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Long-Term Lake Management Planning Workshop
July 19, 2021 @ 2:00 pm - 5:00 pm
Midwest glacial lakes provide habitat for incredible biodiversity, offer recreational opportunities, and stimulate the economies of the communities surrounding them. However, these lakes face visible threats from land use change, aquatic invasive species, and shoreline development. Threats to fish habitat in glacial lakes operate at multiple spatial and temporal scales and involve complex interactions between social and ecological processes.
Lake associations are important agents of, and advocates for, habitat conservation in glacial lakes. As lake stewards, we know that warming water temperatures, fluctuating water levels, new forms of recreation, and unexpected events like COVID-19 are changing the ways lakes are used. These changes are occurring across the Midwest; some happen slowly and others seem to happen overnight.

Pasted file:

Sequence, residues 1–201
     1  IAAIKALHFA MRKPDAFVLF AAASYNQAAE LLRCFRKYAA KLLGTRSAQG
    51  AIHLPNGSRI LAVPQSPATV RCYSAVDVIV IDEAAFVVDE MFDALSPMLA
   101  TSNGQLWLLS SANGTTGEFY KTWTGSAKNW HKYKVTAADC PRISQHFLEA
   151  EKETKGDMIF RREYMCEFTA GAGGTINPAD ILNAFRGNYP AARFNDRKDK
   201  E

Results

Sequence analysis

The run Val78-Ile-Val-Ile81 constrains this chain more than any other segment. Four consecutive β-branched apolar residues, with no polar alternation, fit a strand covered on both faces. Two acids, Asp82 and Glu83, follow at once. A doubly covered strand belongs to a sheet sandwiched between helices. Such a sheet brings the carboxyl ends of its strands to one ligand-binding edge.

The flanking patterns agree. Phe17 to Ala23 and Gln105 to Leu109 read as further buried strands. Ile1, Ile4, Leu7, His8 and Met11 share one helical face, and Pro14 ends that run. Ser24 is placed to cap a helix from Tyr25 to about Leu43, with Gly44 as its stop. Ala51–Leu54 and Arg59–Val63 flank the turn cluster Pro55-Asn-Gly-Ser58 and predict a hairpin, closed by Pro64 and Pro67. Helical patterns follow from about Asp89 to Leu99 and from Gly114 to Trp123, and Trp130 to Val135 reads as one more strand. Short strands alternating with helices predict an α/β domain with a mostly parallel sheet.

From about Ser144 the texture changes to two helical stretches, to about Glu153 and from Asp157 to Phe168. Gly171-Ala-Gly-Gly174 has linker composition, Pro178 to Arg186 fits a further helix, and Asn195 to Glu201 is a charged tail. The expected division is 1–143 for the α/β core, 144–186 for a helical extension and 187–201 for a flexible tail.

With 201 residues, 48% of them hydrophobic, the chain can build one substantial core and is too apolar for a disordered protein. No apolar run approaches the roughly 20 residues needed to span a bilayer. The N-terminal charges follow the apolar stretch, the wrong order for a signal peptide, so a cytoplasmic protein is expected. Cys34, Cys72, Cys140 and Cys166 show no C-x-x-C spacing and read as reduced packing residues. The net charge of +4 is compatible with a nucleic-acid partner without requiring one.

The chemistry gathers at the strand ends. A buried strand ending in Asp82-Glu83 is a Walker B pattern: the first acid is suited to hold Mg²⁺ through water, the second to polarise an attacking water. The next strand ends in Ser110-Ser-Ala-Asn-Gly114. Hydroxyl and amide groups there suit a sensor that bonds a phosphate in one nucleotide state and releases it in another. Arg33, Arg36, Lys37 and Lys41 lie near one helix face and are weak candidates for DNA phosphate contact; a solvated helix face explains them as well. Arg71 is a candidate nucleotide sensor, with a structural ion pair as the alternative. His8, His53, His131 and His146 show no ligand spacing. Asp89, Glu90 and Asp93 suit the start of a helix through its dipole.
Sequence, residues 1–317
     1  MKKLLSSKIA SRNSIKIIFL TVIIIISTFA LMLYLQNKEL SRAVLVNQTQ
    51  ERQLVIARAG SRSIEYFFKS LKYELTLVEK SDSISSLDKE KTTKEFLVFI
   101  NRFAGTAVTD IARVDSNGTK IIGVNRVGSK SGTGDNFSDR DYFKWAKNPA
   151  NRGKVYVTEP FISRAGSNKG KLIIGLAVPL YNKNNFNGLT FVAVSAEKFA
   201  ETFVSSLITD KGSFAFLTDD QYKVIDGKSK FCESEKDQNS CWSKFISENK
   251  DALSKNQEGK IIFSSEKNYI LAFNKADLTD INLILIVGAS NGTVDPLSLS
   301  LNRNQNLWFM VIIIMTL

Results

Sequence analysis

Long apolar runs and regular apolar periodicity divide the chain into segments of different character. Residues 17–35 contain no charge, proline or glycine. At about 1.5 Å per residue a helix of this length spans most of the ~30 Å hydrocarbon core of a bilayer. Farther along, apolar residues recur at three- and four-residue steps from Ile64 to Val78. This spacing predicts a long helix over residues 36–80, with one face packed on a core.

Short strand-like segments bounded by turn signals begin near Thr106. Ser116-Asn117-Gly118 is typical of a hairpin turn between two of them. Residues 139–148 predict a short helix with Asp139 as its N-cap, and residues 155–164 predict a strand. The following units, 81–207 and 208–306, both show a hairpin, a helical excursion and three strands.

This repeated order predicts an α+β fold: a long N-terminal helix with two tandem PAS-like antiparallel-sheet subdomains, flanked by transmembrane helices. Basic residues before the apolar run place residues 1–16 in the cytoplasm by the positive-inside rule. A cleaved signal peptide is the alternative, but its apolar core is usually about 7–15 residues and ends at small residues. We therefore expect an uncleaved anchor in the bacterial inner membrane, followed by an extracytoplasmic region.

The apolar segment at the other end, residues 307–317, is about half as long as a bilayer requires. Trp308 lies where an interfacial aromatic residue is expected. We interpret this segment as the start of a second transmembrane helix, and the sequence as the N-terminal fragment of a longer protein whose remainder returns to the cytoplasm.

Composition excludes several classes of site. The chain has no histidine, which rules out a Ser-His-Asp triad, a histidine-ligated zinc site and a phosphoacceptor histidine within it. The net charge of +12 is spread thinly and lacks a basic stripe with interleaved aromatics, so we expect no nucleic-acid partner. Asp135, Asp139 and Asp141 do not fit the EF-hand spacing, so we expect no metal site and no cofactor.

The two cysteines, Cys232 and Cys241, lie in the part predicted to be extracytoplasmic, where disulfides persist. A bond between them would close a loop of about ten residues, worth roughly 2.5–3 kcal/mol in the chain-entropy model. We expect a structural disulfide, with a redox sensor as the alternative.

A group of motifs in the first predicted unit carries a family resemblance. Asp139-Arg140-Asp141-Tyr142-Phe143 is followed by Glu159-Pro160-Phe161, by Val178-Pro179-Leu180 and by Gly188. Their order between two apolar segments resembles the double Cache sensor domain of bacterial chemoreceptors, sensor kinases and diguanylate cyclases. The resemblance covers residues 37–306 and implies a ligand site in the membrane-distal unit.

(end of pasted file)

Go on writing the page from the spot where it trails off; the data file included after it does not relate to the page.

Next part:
This interactive workshop helps lake organization members use systems thinking to plan for change and manage their lakes to increase resilience of the social, ecological, and economic aspects of their lake system. To achieve this, we will provide tools to conserve fish habitat, increase recreational fishing opportunities, and discuss the benefits of systems management. Participants will leave with a practical understanding of conservation planning, and a network of peers to increase the resilience and adaptive capacity of their lakes and organizations.
This workshop will be led by Chelsey Nieman and Dane Whittaker. Chelsey is a fisheries ecologist at the Cary Institute of Ecosystem Studies and an expert on the intersection of science and stakeholder engagement in recreational fisheries, such as the walleye fisheries of Lake Erie. Dane is a doctoral student at Arizona State University studying water governance in the Midwest, and has worked extensively with lake associations in Vilas and Oneida counties in Wisconsin.
You can register for your state’s workshop here.